Qualifying is a tricky business at the best of times. Having qualifying just half an hour after FP4 – that is, if you don't have to pass through Q1 – makes it even more complicated. That final session of practice is the only chance to work on setup without worrying about getting through to Q2 – and in my book, makes it the most interesting session of practice all weekend. But that also means that if you want to compare two different setups, FP4 is the session you do it. After FP4, you have thirty minutes to get two bikes ready for qualifying, with identical setups.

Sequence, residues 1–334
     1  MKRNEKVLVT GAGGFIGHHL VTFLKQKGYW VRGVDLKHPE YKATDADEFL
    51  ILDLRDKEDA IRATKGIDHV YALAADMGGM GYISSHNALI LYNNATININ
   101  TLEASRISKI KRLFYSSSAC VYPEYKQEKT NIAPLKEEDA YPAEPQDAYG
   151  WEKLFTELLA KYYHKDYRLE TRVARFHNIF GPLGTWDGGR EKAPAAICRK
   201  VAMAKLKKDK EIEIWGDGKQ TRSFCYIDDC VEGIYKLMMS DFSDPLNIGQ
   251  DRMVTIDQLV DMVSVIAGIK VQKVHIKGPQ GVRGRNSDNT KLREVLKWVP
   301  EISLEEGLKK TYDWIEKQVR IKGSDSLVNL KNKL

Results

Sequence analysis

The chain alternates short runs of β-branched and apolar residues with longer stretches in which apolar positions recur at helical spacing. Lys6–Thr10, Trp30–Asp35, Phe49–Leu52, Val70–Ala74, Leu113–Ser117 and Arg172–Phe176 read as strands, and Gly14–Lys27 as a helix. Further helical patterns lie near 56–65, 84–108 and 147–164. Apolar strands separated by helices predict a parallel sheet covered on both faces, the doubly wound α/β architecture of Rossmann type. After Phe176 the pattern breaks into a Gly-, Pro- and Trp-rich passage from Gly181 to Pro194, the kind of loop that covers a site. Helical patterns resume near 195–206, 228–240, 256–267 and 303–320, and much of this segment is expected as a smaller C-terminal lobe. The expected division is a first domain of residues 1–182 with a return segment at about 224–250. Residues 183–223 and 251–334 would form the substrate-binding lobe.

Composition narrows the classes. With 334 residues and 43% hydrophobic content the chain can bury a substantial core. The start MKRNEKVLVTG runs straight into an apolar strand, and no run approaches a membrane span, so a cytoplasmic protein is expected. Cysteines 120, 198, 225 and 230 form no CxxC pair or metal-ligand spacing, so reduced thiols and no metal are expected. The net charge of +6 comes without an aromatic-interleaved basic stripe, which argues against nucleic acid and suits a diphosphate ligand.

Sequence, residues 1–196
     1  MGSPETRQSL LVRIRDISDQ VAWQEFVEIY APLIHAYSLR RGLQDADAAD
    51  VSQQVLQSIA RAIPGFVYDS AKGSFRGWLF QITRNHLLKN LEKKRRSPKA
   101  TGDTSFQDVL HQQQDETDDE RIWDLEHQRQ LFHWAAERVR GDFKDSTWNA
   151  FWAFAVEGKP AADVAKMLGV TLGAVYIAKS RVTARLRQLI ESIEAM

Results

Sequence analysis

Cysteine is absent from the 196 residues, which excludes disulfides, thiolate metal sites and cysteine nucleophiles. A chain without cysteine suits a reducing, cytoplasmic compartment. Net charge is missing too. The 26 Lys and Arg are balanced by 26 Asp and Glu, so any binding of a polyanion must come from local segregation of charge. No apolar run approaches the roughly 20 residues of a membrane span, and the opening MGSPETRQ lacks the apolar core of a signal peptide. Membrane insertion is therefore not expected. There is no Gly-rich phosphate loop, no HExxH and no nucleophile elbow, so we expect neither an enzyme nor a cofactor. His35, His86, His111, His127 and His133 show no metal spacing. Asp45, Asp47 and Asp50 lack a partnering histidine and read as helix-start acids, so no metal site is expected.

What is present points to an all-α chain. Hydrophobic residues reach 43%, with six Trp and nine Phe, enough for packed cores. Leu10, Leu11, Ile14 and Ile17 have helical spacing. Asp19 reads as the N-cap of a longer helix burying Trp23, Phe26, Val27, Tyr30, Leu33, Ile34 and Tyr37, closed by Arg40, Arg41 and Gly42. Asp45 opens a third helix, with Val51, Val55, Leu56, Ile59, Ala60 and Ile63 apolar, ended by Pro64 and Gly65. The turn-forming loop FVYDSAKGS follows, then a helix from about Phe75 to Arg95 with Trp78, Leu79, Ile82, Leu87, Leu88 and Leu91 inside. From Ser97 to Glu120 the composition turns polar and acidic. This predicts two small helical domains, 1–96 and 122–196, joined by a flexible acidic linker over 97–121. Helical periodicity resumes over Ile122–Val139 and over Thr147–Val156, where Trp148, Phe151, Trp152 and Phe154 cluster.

There is little room for error. Should you, say, crash in FP4 on the bike with your preferred setup, as Marc Márquez did at Motegi, then it makes qualifying complicated. Even if you get the bike back to the pits quickly, your team probably won't be able to get the bike back ready to race in time for the start of Q2. And if your second bike uses a very different setup – some combination of a different rear link, a different offset, different rear shock, say – then your team might not have time to change it all back again to the way you want it.